30 April 2020

Podwireless 213 May 2020


(This playlink is to Mixcloud streaming:  you can also download the podcasts from Podomatic )

1. (Sig) English Country Blues Band : The Italian Job from the CD Unruly (Weekend Beatnik) ghostsfromthebasement.bandcamp.com

2. Wu Fei & Abigail Washburn : Four Seasons Medley from the CD Wu Fei & Abigail Washburn (Smithsonian Folkways) folkways.si.edu

3. Najma Akhtar : Death Don't Have No Mercy from the CD Five Rivers (Last Minute Productions) najmaakhtar.com

4. Joan Shelley : Cycle from the DL album Live At The Bomhard (Joan Shelley/ No Quarter) joanshelley.bandcamp.com

5. Charlie Dore : Terrible Lie from the CD Like Animals (Black Ink Music) charliedore.com

6. Eliza Carthy & Ben Seal : The Lute Girl from the CD Through That Sound (My Secret Was Made Known) (Hem Hem) eliza-carthy.com

7. Aynur Doğan : Govend E from the CD Hedûr – Solace Of Time (Dreyer Gaido) dreyer-gaido.de

8. Damir Imamovic : Adio Kerida from the CD Singer Of Tales (Wrasse) wrasserecords.com

9. Trio Tekke : The First Day from the CD Strovilos (Riverboat) worldmusic.net

10. Victoria Spivey : Dope Head Blues from the CD Rough Guide To Blues Divas (World Music Network) worldmusic.net

11. Charley Patton : Prayer Of Death (Part 1) from the CD Rough Guide To Spiritual Blues (World Music Network) worldmusic.net

12. Raphael Callaghan : Poor Me from the CD Blue Lies (Blue Cee) raphaelcallaghan.com

13. Pete Morton : Immigrant Child from the CD A Golden Thread (Further) petemorton.com

14. Ultan Conlon : Moments In Time from the CD There's A Waltz (Dark Side Out) ultanconlon.com

15. Sproatly Smith : The Thistle Doll from the DL album A Trip Of Hares (Weirdshire) sproatlysmith.bandcamp.com

16. Elle Osborne : Birds Of The British Isles from the CD If You See A Rook On Its Own, It's A Crow (9th House) elleo.com

17. Albin Paulus : Weiss Der Geier from the CD Pur (Non Food Factory albinpaulus.com

18. Tom Kitching : Old Molly Oxford from the CD Seasons Of Change (Talking Cat) tomkitching.co.uk

19. Pharis & Jason Romero : Old Chatelaine from the CD Bet On Love (Lula) pharisandjason.com

20. The Lowest Pair : Cast Away from the CD The Perfect Plan (Delicata/ Thirty Tigers) thelowestpair.bandcamp.com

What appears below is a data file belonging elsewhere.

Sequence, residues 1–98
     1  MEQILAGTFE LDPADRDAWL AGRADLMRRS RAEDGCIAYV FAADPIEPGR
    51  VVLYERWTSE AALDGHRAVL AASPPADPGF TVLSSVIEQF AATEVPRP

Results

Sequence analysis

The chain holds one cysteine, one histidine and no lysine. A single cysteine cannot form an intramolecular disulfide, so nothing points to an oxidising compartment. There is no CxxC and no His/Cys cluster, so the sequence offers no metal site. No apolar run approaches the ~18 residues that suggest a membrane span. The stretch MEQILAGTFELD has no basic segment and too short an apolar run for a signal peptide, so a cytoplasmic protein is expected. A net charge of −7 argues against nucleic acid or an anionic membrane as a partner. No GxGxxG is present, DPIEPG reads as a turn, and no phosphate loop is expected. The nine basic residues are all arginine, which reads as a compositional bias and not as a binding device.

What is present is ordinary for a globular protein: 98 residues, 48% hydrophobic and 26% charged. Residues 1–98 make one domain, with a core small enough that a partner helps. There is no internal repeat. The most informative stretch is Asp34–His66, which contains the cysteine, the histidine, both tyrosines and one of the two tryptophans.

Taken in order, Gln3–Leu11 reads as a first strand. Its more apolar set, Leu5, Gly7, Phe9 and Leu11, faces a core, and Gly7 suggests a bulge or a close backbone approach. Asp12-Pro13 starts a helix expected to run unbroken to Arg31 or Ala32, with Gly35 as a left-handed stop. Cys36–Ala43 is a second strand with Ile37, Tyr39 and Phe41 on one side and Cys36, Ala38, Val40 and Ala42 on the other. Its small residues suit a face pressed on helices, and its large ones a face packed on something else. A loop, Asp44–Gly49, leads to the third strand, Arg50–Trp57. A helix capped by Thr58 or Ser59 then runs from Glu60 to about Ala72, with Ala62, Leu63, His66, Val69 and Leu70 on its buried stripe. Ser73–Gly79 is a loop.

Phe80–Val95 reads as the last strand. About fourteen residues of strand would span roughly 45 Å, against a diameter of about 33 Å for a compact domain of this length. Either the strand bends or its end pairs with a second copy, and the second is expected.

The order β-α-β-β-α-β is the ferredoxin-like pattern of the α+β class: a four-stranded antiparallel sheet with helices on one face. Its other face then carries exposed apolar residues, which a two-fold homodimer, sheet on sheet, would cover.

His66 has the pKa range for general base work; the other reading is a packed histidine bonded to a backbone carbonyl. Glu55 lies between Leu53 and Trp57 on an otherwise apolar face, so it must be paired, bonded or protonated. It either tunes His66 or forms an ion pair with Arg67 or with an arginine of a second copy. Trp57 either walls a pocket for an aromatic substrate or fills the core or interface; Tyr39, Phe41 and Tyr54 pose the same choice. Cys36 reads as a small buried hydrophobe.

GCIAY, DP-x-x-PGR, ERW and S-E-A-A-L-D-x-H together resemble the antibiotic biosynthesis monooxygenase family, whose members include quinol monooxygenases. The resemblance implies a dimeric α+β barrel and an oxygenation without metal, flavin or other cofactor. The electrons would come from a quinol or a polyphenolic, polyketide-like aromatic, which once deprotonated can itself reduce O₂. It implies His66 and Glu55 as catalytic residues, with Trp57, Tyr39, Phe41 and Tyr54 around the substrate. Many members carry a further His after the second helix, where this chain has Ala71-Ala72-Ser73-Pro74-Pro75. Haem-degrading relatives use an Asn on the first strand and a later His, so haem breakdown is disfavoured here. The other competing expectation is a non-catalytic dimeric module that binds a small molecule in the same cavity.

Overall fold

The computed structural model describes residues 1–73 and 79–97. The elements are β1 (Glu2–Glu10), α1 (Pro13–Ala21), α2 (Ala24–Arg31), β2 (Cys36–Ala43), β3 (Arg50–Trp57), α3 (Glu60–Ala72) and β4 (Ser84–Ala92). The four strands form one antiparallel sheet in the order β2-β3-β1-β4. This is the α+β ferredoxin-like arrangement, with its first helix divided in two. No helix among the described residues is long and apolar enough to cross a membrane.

21. The Magpies : No More Tears from the CD Tidings (The Magpies) themagpiesmusic.com

22. Edikanfo : Daa Daa Edikanfo from the CD The Pace Setters (Glitterbeat) glitterbeat.com

23. Deep Cabaret : Real Reality from the CD Matchless (Deep Cabaret) deepcabaret.co.uk

24. Katie Spencer : Incense Skin from the DL album Live At Acoustic Roots (Katie Spencer) katiespencerofficial.bandcamp.com

25. Findlay Napier, Gillian Frame & Mike Vass : Mormond Braes from the CD The Ledger (Cheery Groove) findlaynapier.com/theledger

26. The Henrys : Dogwood from the DL album Paydirt (The Henrys) thehenrys.bandcamp.com

27. Mike Cooper & Scot Ray : The Dark Side Of Glowing Fish from the DL album Dua Kepala Kelapa (Mike Cooper) mikecooper.bandcamp.com

28. Geiger Von Müller : Wings From Angel James from the CD Ruby Red Run (Geiger Von Müller) geigervon.bandcamp.com

29. Varo : Streets Of Forbes from the CD Varo (Varo) varodublin.bandcamp.com

30. Spilar : Germaine from the CD Stormweere (Trad) spilar.be

31. The Rude Mechanicals : Leeds Polka/ The Redowa from the CD Sergeant Early’s Dream (Rudemex) rudemex.co.uk

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14 April 2020

Jarabi – West African women on cassette


(This playlink is to Mixcloud streaming:  you can also download the podcasts from Podomatic )

Warning! Sensitive folkies used to manicured digital recordings by polite UK folkettes and musicians with conservatory training may be in for a bit of a shock here. These aren’t. You may find the Marmite theory at play. Me, I love my Marmite, and hopefully many of you will too!